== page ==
Only trailing after cardiovascular diseases in the United States — and now competing with coronavirus — cancer is a leading cause of death throughout the developed world, and results in much loss, grief and suffering.
Given this, a fortune has been devoted to cancer research, cancer therapies, treatments and prevention. In 2018, national expenditures for cancer care in the United States alone numbered 150.8 billion dollars, and, with a rapidly aging population, cancer rates can only be expected to rise — and cancer costs with it.
However, as is the case for many subjects in the life sciences, important questions surrounding the complicated and multifaceted condition continue to pile on and remain unanswered. Worse yet, cancer research is often focused on cancer from a biomedical perspective, leaving the ecology and evolution of cancer relatively understudied in academia.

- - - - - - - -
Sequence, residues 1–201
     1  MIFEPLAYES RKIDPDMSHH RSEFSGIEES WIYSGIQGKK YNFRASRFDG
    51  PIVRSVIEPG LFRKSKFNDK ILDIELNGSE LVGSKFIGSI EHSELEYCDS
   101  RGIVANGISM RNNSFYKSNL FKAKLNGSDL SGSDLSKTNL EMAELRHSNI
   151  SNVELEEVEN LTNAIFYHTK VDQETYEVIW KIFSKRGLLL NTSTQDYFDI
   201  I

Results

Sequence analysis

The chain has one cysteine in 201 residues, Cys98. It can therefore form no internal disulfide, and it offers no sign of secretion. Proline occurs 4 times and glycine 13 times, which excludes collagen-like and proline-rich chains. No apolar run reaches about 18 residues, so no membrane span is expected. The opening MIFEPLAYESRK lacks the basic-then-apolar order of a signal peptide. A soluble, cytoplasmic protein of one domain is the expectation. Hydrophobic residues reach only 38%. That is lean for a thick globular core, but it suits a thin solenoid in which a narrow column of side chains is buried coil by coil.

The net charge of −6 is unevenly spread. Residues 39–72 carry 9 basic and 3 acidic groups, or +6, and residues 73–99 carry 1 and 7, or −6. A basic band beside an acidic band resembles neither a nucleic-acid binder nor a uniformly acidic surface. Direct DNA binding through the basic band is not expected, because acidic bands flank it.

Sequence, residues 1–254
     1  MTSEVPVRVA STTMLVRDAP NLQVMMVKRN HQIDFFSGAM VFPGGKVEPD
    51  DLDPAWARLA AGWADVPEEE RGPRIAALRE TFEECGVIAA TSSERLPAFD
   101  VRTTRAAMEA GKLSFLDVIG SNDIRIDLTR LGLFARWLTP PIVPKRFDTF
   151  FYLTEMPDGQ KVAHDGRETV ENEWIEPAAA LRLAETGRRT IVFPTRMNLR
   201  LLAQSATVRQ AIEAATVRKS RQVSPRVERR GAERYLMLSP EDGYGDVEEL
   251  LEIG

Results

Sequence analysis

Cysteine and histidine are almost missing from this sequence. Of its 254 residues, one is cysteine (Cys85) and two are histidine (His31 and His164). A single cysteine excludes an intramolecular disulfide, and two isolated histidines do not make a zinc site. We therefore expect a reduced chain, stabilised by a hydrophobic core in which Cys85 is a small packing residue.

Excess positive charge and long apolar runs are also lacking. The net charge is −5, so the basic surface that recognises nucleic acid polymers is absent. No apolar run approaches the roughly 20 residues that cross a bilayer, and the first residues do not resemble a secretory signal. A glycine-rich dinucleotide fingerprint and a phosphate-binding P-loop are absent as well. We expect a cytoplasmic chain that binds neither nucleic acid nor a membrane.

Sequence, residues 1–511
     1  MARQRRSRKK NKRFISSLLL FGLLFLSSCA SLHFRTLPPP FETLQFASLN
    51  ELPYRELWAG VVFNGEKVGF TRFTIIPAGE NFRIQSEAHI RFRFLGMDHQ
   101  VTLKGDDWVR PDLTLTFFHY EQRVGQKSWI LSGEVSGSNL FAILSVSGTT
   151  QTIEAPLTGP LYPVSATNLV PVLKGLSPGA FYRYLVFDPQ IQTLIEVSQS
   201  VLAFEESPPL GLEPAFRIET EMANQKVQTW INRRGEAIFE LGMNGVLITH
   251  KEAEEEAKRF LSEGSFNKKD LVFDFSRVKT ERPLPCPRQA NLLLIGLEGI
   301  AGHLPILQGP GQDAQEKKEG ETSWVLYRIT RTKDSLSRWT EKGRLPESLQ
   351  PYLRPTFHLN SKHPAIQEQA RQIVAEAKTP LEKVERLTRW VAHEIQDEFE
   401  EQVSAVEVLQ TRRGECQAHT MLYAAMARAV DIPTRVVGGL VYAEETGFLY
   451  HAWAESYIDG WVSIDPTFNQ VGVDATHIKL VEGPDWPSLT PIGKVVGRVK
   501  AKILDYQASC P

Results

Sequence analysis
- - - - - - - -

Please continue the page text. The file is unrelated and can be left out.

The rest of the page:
But there are rumblings of new developments. The times they are a-changin. Researchers across various disciplines have warmed to the idea of cancer research from broader perspectives, with many across various fields collaborating with the aim of extending the research reach of cancer into new, exciting disciplines and inviting needed perspectives.
Amy Boddy, a professor in UC Santa Barbara’s Department of Anthropology, in collaboration with over 30 researchers from across the world, has been working to identify future trajectories of research into cancer along this lens, with the hopes of steering cancer research from a foundation rooted in cross-disciplinary collaboration and an eco-evolutionary framework.